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It Begins: Barclays Pushes Back Rate Hike Forecast Until 2016, Admits Fed Is "Market Dependent"

Nobody could have possibly foreseen this. Moments ago Barclays' economists Michael Gapen and Rob Martin did what every other sellside "strategist" will do - admit they were horribly wrong about a "strong US recovery", and adjust their first rate hike expectation from September, or less than a month away, until 2016.

From Barclays:

Federal Reserve: First rate hike in March 2016 as financial volatility amid uncertainty in EM pushes out our call


US financial market conditions have deteriorated in recent weeks and the pace of deterioration has accelerated in recent days. Most emerging market currencies have depreciated against the dollar, equity markets in both advanced and emerging market countries have plunged, and advanced economy bond yields are sharply lower, with US 10-year yields dipping below 2%. These moves pushed up the Barclays measure of US financial stress to a level one standard deviation above its long-term average level (Figure 1) and pushed the Barclays measure of US financial conditions lower. Other measures of financial stress have also moved higher. For example, the VIX index is at its highest level since the fall of 2011 (Figure 2).


Although we continue to see economic activity in the US as solid and justifying modest rate hikes, we believe the Federal Reserve is unlikely to begin a hiking cycle in this environment for fear that such a move may further destabilize markets. Instead, we believe the FOMC will delay the start of the rate hike cycle beyond September as a means to offset tighter financial conditions while it evaluates the effect of recent volatility. Many FOMC members will want to see whether the recent moves in financial markets reflect greater weakness abroad than is currently apparent in available macroeconomic data.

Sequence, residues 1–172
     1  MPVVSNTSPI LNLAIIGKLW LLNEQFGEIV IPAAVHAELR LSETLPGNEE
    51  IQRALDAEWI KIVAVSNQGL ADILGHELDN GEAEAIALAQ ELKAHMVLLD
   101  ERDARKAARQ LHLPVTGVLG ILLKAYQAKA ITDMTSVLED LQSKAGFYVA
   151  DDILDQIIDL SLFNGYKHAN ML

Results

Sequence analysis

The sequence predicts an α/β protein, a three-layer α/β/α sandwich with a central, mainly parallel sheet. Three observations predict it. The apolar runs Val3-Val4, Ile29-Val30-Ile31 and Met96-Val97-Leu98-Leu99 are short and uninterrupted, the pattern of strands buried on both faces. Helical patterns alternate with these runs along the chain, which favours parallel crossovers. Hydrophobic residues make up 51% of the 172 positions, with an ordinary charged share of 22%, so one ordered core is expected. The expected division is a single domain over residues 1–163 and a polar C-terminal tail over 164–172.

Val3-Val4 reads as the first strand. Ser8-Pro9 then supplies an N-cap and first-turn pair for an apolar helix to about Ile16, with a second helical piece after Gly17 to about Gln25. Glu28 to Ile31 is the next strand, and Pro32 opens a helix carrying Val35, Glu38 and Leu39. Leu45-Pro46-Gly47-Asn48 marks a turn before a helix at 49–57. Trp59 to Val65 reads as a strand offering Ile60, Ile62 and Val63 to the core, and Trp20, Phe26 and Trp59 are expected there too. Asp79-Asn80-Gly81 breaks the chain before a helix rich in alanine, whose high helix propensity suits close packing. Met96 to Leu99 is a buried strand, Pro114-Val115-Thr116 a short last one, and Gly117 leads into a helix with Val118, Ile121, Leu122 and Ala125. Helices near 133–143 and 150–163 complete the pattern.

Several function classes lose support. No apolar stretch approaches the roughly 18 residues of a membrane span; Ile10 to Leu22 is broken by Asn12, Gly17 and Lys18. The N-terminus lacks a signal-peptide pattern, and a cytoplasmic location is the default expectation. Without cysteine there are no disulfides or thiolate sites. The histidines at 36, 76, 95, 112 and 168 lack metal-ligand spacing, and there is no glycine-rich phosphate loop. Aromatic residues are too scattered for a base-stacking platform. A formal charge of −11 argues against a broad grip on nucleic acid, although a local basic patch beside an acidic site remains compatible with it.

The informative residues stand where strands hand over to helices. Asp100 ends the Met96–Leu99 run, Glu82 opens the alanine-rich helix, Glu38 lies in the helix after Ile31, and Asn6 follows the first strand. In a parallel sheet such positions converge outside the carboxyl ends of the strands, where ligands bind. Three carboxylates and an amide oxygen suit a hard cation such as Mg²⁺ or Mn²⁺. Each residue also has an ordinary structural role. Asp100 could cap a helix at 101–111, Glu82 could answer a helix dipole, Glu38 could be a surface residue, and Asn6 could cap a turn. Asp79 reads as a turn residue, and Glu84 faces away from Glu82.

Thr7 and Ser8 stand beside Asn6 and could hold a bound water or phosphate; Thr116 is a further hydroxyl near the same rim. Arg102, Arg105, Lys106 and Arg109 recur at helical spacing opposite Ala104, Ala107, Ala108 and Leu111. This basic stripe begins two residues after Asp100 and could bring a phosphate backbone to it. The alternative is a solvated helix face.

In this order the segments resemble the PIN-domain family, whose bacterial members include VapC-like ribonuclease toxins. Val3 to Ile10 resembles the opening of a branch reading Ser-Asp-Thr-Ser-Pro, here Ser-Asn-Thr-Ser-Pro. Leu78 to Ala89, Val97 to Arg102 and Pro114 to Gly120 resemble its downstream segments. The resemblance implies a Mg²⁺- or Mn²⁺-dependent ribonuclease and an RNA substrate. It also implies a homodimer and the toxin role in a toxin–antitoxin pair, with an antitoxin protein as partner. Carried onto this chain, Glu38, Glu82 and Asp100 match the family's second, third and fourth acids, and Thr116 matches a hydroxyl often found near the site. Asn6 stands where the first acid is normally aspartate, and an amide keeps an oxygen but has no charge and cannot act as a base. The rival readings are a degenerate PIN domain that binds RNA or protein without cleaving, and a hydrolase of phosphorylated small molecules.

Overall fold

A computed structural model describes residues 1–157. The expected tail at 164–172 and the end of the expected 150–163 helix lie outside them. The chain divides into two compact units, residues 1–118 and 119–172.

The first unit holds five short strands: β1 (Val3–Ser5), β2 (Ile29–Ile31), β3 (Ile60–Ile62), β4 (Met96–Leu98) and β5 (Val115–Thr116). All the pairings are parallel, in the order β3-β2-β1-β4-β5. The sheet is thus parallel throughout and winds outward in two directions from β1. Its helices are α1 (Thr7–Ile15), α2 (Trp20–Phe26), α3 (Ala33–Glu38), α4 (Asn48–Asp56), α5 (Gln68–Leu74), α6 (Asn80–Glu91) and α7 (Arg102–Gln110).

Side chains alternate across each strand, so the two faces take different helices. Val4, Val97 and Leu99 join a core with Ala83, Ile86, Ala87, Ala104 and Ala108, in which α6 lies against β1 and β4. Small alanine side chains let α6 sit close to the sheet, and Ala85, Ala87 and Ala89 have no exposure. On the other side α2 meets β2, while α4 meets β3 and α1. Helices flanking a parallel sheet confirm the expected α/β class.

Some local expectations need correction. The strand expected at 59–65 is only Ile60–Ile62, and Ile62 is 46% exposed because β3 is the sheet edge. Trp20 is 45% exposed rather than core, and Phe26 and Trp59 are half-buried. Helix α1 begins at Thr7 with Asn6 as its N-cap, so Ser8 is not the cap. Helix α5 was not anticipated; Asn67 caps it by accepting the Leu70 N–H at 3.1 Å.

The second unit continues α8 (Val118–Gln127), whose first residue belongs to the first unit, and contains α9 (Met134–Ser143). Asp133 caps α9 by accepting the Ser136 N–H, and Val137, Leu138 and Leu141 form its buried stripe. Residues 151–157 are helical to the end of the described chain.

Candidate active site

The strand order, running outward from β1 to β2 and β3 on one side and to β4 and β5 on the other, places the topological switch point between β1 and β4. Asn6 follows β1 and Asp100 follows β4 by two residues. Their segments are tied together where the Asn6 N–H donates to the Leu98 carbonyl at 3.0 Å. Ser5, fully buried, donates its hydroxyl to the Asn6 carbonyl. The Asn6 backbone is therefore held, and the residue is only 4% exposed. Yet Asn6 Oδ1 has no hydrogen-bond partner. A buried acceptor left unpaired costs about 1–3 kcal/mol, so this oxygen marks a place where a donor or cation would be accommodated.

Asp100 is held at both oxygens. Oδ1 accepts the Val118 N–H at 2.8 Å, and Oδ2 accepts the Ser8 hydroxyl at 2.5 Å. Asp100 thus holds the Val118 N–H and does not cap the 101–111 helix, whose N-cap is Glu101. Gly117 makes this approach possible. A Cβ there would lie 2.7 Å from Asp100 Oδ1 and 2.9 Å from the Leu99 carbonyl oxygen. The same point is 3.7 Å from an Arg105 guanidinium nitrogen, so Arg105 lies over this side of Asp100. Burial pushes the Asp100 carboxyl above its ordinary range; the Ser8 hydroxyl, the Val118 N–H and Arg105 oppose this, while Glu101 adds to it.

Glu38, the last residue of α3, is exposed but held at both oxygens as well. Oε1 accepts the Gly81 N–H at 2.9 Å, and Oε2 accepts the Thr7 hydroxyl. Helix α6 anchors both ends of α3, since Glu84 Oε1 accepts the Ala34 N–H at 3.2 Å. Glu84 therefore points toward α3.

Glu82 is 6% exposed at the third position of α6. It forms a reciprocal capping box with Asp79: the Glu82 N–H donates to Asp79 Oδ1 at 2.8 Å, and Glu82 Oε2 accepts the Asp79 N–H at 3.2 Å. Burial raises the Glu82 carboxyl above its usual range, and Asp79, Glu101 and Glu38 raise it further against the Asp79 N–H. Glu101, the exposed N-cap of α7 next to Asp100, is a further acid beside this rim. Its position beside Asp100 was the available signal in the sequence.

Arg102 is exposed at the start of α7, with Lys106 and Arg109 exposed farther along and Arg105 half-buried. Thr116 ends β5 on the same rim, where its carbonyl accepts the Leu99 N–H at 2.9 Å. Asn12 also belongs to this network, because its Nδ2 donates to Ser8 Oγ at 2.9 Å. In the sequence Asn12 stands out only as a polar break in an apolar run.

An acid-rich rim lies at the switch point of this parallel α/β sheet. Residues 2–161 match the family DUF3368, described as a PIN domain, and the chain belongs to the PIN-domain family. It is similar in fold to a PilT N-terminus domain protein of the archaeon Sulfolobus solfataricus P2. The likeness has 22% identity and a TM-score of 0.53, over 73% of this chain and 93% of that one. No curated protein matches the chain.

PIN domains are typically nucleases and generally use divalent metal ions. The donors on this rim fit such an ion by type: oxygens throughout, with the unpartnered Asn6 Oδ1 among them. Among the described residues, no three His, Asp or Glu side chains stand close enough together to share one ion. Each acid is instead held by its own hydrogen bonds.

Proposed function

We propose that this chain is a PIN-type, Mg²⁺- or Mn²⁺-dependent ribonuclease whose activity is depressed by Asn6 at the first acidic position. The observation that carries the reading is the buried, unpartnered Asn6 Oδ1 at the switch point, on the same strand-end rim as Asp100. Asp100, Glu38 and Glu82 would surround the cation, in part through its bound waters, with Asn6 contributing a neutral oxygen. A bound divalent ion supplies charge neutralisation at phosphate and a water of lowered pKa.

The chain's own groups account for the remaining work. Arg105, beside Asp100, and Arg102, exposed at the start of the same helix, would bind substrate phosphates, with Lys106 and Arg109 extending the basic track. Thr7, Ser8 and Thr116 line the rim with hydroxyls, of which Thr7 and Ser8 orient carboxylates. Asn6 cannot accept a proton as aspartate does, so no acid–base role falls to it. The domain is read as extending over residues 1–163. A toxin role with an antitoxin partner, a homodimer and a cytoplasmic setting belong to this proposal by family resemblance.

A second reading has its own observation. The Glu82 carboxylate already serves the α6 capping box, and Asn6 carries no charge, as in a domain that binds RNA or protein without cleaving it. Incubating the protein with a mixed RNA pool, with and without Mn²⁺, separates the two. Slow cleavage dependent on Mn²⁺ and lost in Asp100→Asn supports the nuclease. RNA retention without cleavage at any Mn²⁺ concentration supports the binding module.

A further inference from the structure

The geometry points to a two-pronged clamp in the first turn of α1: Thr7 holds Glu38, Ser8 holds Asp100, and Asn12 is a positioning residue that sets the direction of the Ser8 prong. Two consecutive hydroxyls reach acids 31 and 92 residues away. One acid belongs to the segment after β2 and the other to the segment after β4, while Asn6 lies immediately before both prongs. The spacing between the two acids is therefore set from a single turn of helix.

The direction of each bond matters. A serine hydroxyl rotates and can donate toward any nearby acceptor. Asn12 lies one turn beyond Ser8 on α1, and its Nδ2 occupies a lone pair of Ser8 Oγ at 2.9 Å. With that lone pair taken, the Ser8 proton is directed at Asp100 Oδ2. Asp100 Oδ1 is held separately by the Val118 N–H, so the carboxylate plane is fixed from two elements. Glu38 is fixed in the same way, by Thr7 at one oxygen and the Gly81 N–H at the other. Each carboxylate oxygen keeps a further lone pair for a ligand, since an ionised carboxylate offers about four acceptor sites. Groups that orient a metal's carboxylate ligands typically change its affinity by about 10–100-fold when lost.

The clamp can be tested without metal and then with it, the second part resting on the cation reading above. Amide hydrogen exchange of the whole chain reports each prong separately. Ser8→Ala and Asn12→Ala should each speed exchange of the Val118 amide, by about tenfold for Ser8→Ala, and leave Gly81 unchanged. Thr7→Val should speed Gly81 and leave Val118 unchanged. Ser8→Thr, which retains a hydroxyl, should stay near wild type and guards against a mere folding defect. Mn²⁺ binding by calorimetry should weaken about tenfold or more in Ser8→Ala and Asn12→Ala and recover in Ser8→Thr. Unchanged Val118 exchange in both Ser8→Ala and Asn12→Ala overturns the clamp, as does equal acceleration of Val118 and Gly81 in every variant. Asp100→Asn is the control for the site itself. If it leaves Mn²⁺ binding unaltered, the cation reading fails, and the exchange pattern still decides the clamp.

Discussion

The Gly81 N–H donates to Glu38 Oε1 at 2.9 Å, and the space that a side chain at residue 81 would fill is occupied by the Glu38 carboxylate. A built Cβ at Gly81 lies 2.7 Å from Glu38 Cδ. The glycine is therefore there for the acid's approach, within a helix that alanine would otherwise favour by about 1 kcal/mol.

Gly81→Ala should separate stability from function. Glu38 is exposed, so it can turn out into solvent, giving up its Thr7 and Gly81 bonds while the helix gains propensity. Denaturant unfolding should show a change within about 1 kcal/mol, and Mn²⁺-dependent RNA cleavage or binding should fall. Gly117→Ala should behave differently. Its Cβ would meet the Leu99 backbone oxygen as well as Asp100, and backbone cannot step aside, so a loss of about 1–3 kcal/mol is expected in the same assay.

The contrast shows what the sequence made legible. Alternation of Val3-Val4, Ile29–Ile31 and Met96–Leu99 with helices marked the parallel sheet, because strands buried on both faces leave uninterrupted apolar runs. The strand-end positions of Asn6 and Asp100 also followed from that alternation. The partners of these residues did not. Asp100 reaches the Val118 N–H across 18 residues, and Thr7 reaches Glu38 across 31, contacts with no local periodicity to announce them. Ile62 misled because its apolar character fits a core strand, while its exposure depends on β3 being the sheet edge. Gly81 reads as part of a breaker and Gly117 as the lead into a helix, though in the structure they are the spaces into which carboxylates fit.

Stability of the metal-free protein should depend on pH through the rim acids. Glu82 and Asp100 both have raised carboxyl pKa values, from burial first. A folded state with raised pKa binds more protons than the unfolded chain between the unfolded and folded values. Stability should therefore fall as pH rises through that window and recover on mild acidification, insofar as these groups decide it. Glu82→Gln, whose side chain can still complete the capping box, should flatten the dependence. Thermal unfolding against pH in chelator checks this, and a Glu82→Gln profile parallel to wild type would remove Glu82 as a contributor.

In addition to worsening financial market conditions, our decision to delay our outlook for the tightening cycle stems from the effects of a stronger US dollar, lower oil prices, and weak global demand on our outlook for US inflation. The recent move lower in oil will likely weigh on the FOMC as some members had expressed concern over US inflation before the most recent drop in oil prices and further dollar strength attenuates somewhat how quickly core inflation is likely to firm.


Although lower energy and commodity prices are likely to support US economic activity by boosting real household income, we find that the sharp rise in the VIX weighs negatively on activity and employment (see Watch out below! Causes and consequences of a falling US unemployment rate, May 2012). According to our previous research, the VIX can be viewed as a proxy for generalized macro uncertainty and its sharp rise in recent weeks is likely to suppress rates of investment and hiring.


We move our call to for the first rate hike from September 2015 to March 2016. Given the uncertainty around the current global outlook, the timing of the rate hike seems more uncertain than usual. Should this episode of financial market volatility prove transitory, the FOMC could raise rates in December. On the other hand, if the volatility proves durable or reveals greater than expected weakness in global activity, the FOMC may push the first rate hike beyond March. We see a delay past mid-2016 as a relatively low probability at this point given our views on US labor markets. The US has proven durable to shocks emanating from emerging markets in the past, and we believe the current bout of uncertainty to be less pronounced than the successive shocks from developed economies that rocked global markets in 2008, 2010, and 2010.


Translation: the Fed is not data dependent, but it is, as we have said all along, entirely market dependent.

Next up: every other bank, and in the meantime, don't be surprised to see a negative NFP print: after all the Fed will need "some" justification for its massively incorrect and credibility crushing jawboning for a rate hike in 2015.